Kids aren’t adults, of course, but they watch the adults in their lives. Sometimes they even watch them too closely. Our children (and grandchildren) tend to copy the attitudes and behaviors they see right in front of them. How we handle disappointment and conflict with others does matter. We can become bitter or better, and the outcomes easily can reach across generations.
Here’s a story I first became aware of a number of years ago. It makes a beautiful point of how frustration often can be channeled into something very positive. (I shared this story once in a keynote address and was pleased when it was verified by an attendee that had graduated from Berry College.)
Today, Berry College, Mount Berry, Georgia, rests on 26,500 acres of small-town environment not far from Atlanta. It has grown since its humble beginnings in 1902, the fruition of a dream of its founder, educator Martha Berry.
Berry School was built to serve needy youngsters, and Martha Berry was said to have the “touch” for turning nothing into something. She knew her cause was a good one, so she was never shy when it came to advocating for poor, but promising, young people.
When presented with an opportunity to meet Henry Ford at an important function, Martha Berry did not hesitate to ask him for $1 million for her school’s endowment. (Hey, if you’re going to ask … ASK!)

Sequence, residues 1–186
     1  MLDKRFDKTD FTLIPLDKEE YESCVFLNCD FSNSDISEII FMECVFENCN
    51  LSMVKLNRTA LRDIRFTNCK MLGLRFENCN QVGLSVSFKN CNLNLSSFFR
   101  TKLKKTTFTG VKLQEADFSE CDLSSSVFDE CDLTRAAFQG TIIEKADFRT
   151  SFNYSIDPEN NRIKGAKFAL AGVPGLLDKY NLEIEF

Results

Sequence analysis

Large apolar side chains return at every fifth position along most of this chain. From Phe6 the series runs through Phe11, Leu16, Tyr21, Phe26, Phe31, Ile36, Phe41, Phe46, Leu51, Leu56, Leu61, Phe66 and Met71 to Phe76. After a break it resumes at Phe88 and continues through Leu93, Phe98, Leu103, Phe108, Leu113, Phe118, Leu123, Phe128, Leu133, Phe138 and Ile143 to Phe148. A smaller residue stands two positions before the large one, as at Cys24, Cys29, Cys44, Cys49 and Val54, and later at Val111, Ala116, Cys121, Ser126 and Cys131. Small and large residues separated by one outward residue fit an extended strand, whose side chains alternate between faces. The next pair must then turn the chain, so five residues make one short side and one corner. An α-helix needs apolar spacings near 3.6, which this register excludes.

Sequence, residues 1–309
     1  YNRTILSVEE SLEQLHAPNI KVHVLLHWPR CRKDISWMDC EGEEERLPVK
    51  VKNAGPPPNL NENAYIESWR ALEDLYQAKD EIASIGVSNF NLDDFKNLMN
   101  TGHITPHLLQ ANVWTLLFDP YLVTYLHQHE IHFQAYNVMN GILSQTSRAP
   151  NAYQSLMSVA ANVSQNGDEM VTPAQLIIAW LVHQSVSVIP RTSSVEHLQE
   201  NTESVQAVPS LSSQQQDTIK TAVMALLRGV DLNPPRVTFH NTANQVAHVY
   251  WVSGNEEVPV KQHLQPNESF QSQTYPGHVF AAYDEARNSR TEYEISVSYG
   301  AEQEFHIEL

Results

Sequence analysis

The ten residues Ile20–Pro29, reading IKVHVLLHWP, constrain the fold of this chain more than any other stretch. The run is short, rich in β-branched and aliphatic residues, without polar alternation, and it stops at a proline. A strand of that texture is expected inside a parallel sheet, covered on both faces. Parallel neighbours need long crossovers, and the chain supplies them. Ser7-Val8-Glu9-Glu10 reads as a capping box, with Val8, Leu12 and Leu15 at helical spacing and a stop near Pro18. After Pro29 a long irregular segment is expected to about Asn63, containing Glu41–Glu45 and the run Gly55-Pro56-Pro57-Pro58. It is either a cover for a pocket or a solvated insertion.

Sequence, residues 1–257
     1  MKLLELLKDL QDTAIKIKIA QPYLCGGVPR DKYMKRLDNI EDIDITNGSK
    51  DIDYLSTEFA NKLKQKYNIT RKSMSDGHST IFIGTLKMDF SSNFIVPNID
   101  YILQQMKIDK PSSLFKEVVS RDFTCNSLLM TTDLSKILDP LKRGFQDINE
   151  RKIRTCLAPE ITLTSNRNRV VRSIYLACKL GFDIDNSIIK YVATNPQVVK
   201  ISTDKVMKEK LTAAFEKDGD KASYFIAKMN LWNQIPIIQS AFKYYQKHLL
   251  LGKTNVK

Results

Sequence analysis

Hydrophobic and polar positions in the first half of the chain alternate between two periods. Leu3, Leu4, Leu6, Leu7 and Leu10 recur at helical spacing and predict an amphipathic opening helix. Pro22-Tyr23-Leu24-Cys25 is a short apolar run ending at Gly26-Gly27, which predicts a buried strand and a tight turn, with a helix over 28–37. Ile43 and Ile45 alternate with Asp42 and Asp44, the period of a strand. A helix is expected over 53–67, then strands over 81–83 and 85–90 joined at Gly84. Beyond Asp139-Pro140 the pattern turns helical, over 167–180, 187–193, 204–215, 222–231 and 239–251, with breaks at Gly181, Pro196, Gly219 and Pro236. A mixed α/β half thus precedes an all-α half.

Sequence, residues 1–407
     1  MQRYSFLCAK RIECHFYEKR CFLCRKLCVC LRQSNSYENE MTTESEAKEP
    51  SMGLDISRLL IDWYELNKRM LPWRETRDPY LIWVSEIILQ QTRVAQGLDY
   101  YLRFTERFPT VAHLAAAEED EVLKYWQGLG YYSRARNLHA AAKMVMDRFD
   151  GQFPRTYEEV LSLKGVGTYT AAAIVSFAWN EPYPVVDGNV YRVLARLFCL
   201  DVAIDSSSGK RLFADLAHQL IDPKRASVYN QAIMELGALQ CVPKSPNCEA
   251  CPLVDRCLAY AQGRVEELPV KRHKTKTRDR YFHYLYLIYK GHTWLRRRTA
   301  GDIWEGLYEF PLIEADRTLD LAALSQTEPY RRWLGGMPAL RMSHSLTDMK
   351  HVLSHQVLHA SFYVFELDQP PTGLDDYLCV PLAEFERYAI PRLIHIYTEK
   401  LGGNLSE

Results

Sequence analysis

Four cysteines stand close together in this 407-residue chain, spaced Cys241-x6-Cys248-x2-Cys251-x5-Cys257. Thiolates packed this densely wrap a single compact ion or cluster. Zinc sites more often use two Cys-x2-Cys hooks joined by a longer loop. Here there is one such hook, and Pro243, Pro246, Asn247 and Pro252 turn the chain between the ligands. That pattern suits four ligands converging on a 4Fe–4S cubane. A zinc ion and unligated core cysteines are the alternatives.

History has it that Mr. Ford reached into his pocket and presented her with a dime.
A dime? Yes; one of the richest men in the country donated a dime to Martha Berry’s school.
At this point, put yourself in her shoes. What would you have thought or said to what seemed such an insult? What would you have done? (At very least, I would have shuffled him to the bottom of my Christmas card list.)
Martha Berry did a marvelous thing. Without changing her expression, she thanked Ford as graciously for the dime as she would have had he given her the million bucks. Then she went home and went to work.
She took the dime and bought ten cents’ worth of peanut seed and set her mountain schoolboys to planting. They took that crop as a seed to plant more peanuts, and then they took the peanuts from the second crop and sold them at a small crossroads store. The peanuts brought in enough income to purchase a piano for the school’s music department.
Martha Berry wrote to Henry Ford explaining how she had turned his dime into a piano. He must have been impressed, for he sent Berry a train ticket and an invitation to be their house guest at Henry and Clara Ford’s home in Detroit. He not only opened his home to Martha Berry, he opened his checkbook.
Martha Berry went back to Georgia with Henry Ford’s check for $1 million.
A semi-retired child and adolescent psychologist and speaker, Dr. James Sutton is the author of The Changing Behavior Book: A Fresh Approach to the Difficult Child. His website is http://www.DocSpeak.com; his blog is http://www.itsaboutthem.wordpress.com.